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In the End

Our New Year’s Dissolutions

Published

on

Every year, we all make New Year’s resolutions. And sooner or later, we end up breaking them. In fact, depending on when this magazine reaches you, you might have blown a few already. No worries, here are some brand new ones for jewelers that you should really try to keep, courtesy of the team at In the End.

* I will open my store doors bright and early every morning at exactly 10- sharp ? ish.  

* I will be genuinely happy when my customer opts for the smaller diamond, knowing that he has made the purchase decision that’s right for him. And I will stop making that face when he does.  

* It’s time to change my trade-show merchandising strategy — and stop buying most of my stuff at the booths with the hottest sales staff. 

* I will not laugh at the trembling kid with braces attempting to buy his ?girlfriend? a $39 friendship ring.  

Advertisement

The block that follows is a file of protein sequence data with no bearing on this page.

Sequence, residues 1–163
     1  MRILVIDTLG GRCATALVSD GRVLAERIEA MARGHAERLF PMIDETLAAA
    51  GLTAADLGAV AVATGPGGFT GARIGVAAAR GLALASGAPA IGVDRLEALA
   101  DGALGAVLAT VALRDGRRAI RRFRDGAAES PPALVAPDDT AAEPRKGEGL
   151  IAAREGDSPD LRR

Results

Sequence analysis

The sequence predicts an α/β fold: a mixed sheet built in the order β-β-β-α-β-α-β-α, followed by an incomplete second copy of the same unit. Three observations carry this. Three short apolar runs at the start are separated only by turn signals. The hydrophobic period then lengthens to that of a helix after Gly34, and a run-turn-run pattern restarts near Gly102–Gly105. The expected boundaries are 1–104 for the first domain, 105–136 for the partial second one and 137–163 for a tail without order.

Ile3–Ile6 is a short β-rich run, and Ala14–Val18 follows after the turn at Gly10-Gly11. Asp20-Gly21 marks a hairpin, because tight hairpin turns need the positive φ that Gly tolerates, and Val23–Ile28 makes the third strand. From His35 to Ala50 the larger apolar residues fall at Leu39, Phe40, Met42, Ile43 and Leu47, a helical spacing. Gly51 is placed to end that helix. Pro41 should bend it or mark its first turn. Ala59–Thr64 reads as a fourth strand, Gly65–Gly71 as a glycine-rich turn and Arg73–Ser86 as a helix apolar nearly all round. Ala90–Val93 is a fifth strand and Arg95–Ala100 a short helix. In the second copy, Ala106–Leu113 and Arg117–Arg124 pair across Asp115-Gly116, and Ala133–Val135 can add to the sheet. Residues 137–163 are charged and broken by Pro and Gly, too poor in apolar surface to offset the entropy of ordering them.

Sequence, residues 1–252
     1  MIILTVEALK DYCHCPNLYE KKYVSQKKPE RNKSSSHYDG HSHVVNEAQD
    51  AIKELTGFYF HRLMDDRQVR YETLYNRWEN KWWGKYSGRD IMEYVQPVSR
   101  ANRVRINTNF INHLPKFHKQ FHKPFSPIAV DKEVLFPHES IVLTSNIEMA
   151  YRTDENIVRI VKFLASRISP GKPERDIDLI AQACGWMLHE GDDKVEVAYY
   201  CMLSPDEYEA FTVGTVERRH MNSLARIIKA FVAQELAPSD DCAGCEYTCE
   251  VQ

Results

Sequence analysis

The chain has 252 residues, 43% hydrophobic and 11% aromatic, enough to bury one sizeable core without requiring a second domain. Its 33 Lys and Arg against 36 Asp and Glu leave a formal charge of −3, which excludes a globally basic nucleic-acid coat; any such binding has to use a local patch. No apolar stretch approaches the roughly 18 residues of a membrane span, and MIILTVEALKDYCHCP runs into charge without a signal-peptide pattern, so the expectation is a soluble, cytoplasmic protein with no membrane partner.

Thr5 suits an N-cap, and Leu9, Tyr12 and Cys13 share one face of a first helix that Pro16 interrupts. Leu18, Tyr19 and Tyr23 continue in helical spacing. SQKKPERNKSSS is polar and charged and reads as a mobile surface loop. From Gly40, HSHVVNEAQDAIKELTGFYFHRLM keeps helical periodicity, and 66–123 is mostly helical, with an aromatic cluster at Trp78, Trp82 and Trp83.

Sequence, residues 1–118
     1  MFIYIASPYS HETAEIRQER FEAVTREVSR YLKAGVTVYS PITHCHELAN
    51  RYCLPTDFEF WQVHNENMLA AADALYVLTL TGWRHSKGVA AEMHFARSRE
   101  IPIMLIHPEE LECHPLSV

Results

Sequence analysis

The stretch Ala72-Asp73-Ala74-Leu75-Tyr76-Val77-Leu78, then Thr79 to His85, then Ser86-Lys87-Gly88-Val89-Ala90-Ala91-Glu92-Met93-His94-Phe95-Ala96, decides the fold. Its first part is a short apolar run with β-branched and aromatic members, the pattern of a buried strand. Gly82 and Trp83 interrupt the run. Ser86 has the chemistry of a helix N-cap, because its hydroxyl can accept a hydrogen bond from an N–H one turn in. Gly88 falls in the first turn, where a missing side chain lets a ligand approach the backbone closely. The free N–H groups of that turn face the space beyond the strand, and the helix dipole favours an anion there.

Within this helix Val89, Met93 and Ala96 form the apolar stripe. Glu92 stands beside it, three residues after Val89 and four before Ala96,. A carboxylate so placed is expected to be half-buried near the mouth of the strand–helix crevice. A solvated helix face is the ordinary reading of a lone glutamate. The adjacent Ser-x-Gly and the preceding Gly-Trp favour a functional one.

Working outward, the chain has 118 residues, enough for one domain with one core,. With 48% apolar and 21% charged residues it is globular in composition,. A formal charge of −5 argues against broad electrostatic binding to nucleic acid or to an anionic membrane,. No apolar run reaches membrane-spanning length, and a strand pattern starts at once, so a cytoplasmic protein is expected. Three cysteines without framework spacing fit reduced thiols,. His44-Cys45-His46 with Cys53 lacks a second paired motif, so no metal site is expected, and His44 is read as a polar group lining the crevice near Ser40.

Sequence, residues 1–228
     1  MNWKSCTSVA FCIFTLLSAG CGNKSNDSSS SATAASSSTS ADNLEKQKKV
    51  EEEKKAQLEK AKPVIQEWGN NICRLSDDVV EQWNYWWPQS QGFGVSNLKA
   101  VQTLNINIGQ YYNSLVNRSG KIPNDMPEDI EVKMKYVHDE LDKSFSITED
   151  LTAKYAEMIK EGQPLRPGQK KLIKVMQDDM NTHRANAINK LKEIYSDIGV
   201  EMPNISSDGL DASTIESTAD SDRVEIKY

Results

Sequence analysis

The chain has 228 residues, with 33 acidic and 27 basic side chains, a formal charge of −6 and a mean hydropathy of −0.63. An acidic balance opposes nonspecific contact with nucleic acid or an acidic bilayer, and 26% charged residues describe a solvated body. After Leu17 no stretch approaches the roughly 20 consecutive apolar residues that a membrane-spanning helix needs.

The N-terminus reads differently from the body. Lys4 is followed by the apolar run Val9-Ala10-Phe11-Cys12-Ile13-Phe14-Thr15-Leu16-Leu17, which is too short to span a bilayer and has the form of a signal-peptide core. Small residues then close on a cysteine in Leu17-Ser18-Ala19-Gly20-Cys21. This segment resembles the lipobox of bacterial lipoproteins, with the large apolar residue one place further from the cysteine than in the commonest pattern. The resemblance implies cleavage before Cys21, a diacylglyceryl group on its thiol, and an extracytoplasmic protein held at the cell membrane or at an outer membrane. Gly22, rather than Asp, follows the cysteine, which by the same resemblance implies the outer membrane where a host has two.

* Any items in my store that are more than one year old, I will immediately take action on ? by bitterly complaining to staff members about the terrible fashion sense of our customers.  

* When customers come in and I have to sell them, I will put my sandwich down.

* It’s time to admit it. I actually do know how to pump gas. And I’m not too bad with a Squeegie, either. 

* I will stop saying, ?Whoo-hoo-hoo-hoo!? and becoming sarcastically servile whenever a customer whips out an American Express platinum card.  

* I will no longer use any lame-o ?Fifth C? lines like: ?Here at Anderson Jewelers, we provide you with a ?Fifth C’, ____? (Fill in the blank: ?Courtesy’, ?Commitment to Quality’, ?Crisp and Crunchy Corn on the Cob’, etc., etc.) 

* Whenever I’m tempted to use the old ?two-month’s salary? squeeze, I will imagine myself buying golf clubs for my husband … and the salesperson using the same line on me.  

Advertisement